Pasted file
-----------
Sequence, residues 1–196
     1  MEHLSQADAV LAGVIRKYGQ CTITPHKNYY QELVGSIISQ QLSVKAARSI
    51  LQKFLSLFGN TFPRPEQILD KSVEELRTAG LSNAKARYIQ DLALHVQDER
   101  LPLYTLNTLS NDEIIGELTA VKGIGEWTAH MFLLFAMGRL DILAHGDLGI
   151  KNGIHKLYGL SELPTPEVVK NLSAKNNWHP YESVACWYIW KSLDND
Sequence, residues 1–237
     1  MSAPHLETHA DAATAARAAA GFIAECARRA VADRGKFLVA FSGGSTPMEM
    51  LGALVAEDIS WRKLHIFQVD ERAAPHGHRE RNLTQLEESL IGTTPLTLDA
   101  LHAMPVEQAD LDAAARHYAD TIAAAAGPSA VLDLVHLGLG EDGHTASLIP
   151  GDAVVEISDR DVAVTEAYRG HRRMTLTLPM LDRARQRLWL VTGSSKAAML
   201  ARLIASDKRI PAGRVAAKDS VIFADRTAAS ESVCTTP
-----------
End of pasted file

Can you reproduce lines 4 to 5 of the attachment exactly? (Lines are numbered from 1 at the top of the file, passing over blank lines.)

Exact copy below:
   101  LPLYTLNTLS NDEIIGELTA VKGIGEWTAH MFLLFAMGRL DILAHGDLGI
   151  KNGIHKLYGL SELPTPEVVK NLSAKNNWHP YESVACWYIW KSLDND